15. A SIMD processor comprising:
plurality of processor element means each having,
processing means for processing data, and
data holding means for holding any of data to be processed and already processed by said processing means;
data transfer bus means interconnecting said processor element means;
addressing means for addressing any one of said processor element means; and
signal generating means for inputting to said data holding means any of input signals for acquiring data to be processed from said data transfer bus means to subsequently hold the data in said data holding means and output signals for outputting processed data held in said data holding means to said data transfer bus means,
wherein
said addressing means address a specific processor element,
said data holding means of said specific processor element means addressed by said addressing means carries out any one of acquiring and outputting data by way of said data transfer bus means in response to the signal inputted to said data holding means from said signal generating means.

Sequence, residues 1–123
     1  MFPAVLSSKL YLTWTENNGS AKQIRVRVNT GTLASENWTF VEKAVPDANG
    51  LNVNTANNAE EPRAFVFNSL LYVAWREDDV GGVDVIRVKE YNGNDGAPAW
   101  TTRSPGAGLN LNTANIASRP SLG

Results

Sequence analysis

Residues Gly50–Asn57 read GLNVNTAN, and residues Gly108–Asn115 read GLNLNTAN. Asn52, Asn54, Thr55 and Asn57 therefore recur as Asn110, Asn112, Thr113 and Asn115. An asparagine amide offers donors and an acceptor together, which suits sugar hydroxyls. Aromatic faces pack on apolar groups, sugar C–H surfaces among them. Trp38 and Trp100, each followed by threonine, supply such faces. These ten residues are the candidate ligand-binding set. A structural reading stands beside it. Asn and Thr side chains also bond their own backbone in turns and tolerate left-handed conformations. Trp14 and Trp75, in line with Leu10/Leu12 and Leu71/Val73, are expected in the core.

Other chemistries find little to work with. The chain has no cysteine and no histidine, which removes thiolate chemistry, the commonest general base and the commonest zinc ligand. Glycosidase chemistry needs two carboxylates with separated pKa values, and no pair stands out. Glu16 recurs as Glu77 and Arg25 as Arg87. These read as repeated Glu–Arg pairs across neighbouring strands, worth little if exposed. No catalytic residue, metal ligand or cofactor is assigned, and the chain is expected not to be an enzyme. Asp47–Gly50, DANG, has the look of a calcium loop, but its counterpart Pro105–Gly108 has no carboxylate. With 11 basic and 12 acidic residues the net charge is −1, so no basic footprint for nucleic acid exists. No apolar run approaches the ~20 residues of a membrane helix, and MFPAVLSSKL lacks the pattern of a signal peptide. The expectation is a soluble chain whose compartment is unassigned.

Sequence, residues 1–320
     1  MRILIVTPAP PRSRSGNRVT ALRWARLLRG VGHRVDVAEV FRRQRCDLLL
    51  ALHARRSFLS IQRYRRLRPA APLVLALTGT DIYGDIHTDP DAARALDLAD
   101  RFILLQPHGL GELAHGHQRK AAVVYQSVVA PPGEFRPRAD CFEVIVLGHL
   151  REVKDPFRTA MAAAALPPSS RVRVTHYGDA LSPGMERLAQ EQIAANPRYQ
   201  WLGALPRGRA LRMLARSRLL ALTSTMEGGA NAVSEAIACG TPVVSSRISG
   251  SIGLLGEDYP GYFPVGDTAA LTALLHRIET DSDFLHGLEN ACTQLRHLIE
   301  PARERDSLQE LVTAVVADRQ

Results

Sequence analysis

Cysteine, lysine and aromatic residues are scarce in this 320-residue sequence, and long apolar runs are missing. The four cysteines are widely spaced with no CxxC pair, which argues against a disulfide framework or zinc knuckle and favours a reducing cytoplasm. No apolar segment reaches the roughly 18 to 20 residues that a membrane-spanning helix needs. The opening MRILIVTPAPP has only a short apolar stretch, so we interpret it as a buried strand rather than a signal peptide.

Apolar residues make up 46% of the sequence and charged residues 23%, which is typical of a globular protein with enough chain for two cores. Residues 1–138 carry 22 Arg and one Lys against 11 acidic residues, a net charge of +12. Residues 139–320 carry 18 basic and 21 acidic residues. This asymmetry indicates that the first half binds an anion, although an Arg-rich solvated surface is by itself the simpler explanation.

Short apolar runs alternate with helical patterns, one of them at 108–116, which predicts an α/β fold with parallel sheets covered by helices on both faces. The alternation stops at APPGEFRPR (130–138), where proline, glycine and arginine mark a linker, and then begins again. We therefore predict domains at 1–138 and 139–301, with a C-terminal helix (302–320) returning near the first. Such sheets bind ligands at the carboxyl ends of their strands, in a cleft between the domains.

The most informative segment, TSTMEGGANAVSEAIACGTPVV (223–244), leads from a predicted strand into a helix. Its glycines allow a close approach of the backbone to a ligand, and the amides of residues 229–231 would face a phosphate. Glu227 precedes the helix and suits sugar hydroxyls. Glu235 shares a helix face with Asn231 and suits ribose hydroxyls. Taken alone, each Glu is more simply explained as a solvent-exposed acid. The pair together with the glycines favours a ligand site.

16. The SIMD processor according to claim 15,
wherein:
said plurality of processor element means are formed to be paired such that each of two neighboring processor elements are assigned, respectively, by an odd or even number and that one identical address is assigned to said paired processor element means;
data transfer bus means is assigned to the even-numbered processor element means and another data transfer bus means is assigned to the odd-numbered processor element means; and
said data holding means in said paired processor element means addressed by said addressing means carry out any one of acquiring and outputting data by way of one of corresponding data transfer bus means.
17. The SIMD processor according to claim 15, further comprising:
a predetermined number of data holding means.
18. The SIMD processor according to claim 17,